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Final.ppt em (1)

  1. 1. Biohydrogen Production Technology BY Muralidhar E(10PC16F)
  2. 2. Why hydrogen as a Fuel. ? <ul><li>India will continue to experience an energy supply shortfall in time to come. </li></ul><ul><li>Govt subsidizes refined oil product prices, thus compounding the to the overall monetary loss to the govt. </li></ul><ul><li>In fact rise in oil prices that has finally awakened professionals for the alternatives. </li></ul><ul><li>As a result we are looking forward for non-conventional energy sources like bioethanol, biodiesel, bio-oil, biohydrogen and the likes . </li></ul><ul><li>Hydrogen gas is seen as a future energy carrier because it is renewable and does not evolve the Co 2 gas. </li></ul>
  3. 3. <ul><li>Economist and scientist believes that 21 st century will be powered by hydrogen just as petroleum did it in 20 th century and coal in 19 th century. </li></ul><ul><li>It is believed that hydrogen will replace petroleum, driving the world economy from high carbon to no carbon fuel. </li></ul><ul><li>Hydrogen research still has a long way to go. </li></ul>
  4. 4. Key facts about Hydrogen as a fuel <ul><li>Highly combustible and can be used as a fuel. </li></ul><ul><li>1g of combustion provides 30000 cals as compared to gasoline that gives only 11000 cals. </li></ul><ul><li>Can be produced from water using Biological agents. </li></ul><ul><li>Biologically produced hydrogen is known as Biohydrogen. </li></ul>
  5. 5. Why Biohydrogen not hydrogen.? <ul><li>Needs a primary energy source. </li></ul><ul><li>If source is fossils then hydrogen is not an clean energy carrier. </li></ul><ul><li>If gas is made from electrolysis of water, again an energy intensive process. </li></ul><ul><li>So thinking about production of hydrogen from biomass known as BIOHYDROGEN . </li></ul>
  6. 6. Methods of Biohydrogen Production <ul><li>Dark Fermentation </li></ul><ul><li>Photo Fermentation </li></ul><ul><li>Combined Fermentation </li></ul><ul><li>Direct Photolysis (algae) </li></ul><ul><li>Indirect Photolysis (cynobacteria) </li></ul>
  7. 7. CH 2 O Fd hyd 2H + 2 Dark Fermentation (Fermentative Bacteria)
  8. 8. Acetic acid, lactic acid, formic acid, Butyric acid etc H 2 Dark Fermentation
  9. 9. (3) Dark Fermentation <ul><li>Fermentative conversion of organic substrate to biohydrogen. </li></ul><ul><li>This method doesn’t require light energy. </li></ul><ul><li>The Gram+ve bacteria of Clostridium genus is of great potential in biohydrogen production. </li></ul><ul><li>Require wet carbohydrate rich biomass as a substrate. </li></ul><ul><li>Produces fermentation end product as organic acids, Co 2 along with biohydrogen . </li></ul>
  10. 10. <ul><li>Glu  pyruvate  acetyl coA  fd  H 2 </li></ul><ul><li>Carbohydrate mainly glucose is preffered. </li></ul><ul><li>Pyruvate the product of glucose catabolism is oxidized to acetyl-coA requires ferrodoxin reduction. </li></ul><ul><li>Reduced ferrodoxin is oxidized by hydrogenase which generates ferrodoxin and release electron as a molecular hydrogen. </li></ul>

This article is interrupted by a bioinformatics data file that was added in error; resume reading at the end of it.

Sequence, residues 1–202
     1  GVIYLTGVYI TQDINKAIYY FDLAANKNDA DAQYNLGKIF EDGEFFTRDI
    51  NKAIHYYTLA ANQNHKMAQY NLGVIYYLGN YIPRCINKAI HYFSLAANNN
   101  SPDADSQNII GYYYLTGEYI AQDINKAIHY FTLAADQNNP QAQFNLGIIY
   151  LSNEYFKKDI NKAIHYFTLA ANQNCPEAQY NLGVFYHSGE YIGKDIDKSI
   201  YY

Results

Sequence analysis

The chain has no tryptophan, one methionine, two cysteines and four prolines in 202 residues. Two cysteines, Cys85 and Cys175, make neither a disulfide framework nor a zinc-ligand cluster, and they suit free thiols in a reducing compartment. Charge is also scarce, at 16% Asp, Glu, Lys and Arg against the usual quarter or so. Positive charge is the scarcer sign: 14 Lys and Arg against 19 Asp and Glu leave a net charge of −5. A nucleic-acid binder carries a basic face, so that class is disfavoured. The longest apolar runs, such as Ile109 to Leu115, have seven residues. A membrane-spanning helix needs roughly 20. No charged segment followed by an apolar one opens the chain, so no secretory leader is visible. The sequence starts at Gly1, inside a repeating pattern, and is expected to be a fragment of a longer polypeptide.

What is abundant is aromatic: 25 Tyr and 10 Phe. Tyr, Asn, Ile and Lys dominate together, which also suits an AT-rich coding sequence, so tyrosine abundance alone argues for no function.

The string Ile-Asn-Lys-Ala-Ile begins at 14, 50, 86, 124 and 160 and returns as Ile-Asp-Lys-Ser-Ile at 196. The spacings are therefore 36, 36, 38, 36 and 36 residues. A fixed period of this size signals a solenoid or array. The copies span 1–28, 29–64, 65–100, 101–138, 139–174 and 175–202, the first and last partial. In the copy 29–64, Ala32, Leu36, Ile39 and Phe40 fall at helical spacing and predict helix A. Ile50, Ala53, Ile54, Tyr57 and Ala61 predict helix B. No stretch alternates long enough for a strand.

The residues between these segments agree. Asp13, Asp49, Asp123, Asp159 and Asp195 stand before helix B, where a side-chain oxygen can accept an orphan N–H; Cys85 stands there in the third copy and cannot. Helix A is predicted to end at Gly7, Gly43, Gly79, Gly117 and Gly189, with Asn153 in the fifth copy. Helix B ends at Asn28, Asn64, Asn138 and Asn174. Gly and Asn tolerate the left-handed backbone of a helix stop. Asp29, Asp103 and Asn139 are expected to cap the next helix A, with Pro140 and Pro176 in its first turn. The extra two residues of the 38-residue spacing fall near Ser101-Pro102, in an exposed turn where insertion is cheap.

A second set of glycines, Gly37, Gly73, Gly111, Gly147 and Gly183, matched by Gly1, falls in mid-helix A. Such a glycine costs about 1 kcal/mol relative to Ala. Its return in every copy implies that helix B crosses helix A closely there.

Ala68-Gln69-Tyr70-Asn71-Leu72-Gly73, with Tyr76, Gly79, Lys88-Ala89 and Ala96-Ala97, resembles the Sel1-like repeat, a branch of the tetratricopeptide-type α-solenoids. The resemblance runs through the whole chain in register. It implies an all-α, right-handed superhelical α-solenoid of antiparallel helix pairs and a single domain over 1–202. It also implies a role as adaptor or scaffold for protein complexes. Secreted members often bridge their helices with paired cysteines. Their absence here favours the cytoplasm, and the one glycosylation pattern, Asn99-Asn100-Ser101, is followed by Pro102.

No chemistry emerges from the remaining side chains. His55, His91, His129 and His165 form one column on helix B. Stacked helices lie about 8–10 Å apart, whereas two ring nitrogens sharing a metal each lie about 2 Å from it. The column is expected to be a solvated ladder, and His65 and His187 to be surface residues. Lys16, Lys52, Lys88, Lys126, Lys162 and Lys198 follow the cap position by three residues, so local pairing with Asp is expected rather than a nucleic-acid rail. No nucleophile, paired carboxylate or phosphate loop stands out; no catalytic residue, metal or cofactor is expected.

11. 11. Advantages <ul><li>It produces valuable metabolites as a butyric acid, propionic acid. </li></ul><ul><li>It is an anaerobic process so no oxygen limitation. </li></ul><ul><li>It can produce carbon during day and night. </li></ul><ul><li>Variety of carbon sources can be used as a substrate. </li></ul>
  12. 12. Drawbacks <ul><li>Relatively lower achievable yield of H 2 , as a portion of substrate is used to produce organic acids. </li></ul><ul><li>Anaerobes are incapable of further breakdown of acids. </li></ul><ul><li>Accumulation of this acids cause a sharp drop of culture pH and subsequent inhibition of bacterial hydrogen production. </li></ul><ul><li>Product gas mixture contains Co 2 which has to be separated. </li></ul>
  13. 13. Approaches to overcome <ul><li>Metabolic shift of biochemical pathway to arrest the formation of acid and alcohol. </li></ul><ul><li>To improve the techniques for the seperation of the gases. </li></ul>
  14. 14. 4. Photo Fermentation <ul><li>Photo fermentation where light is required as a source of energy for the production of hydrogen by photosynthetic bacteria. </li></ul><ul><li>Purple non sulphur bacteria genus rhodobacter holds significant promise for production of hydrogen. </li></ul><ul><li>Organic acids are preffered as a substrate. </li></ul><ul><li>The light energy required in this process is upto the range of 400nm. </li></ul>
  15. 15. Mechanism <ul><li>CH 3 COOH + 2H 2 + Light  4H 2 + 2Co 2 </li></ul><ul><li>Production of hydrogen by photosynthetic bacteria takes place under illumination and in the presence of inert and anaerobic atmosphere for the breakdown of organic substrate to produce hydrogen molecules. </li></ul>
  16. 16. Combined fermentation <ul><li>The combination of dark and photo fermentation provides an integratin system for maximization of an hydrogen yield. </li></ul><ul><li>The idea of combined fermentation takes into an consideration the very fact of relatively lower achievable yield of H 2 in dark fermentation. </li></ul><ul><li>The non utilization of acid produced in dark fermentation . </li></ul>
  17. 17. Mechamism <ul><li>Stage 1 :- Dark fermentation:- </li></ul><ul><li>Anaerobic fermentation of carbohydrate produces intermediates such as low molecular weight organic acids and Co 2 along with hydrogen . </li></ul>
  18. 18. <ul><li>Stage 2:- </li></ul><ul><li>C 6 H 12 O 6 +2H 2 O = CH 3 COOH + 2CO 2 +4H 2 </li></ul><ul><li>T he low mol wt organic acid in stage 1 are converted to hydrogen by photosynthetic bacteria. </li></ul><ul><li>2CH 3 COOH + 4H 2 o  CH 3 COOH + 2Co 2 + 4H 2 </li></ul>
  19. 19. Advantages <ul><li>Two stage fermentation can improve the overall yield of hydrogen and overcomes the major limitation of dark fermentation. </li></ul><ul><li>Drawbacks:- </li></ul><ul><li>Relatively new approach techno economic feasibility is yet to studied </li></ul>
  20. 20. FD hyd 2H + 0 2 H 2 o PS Direct Photolysis (Algae)
  21. 21. Direct Photolysis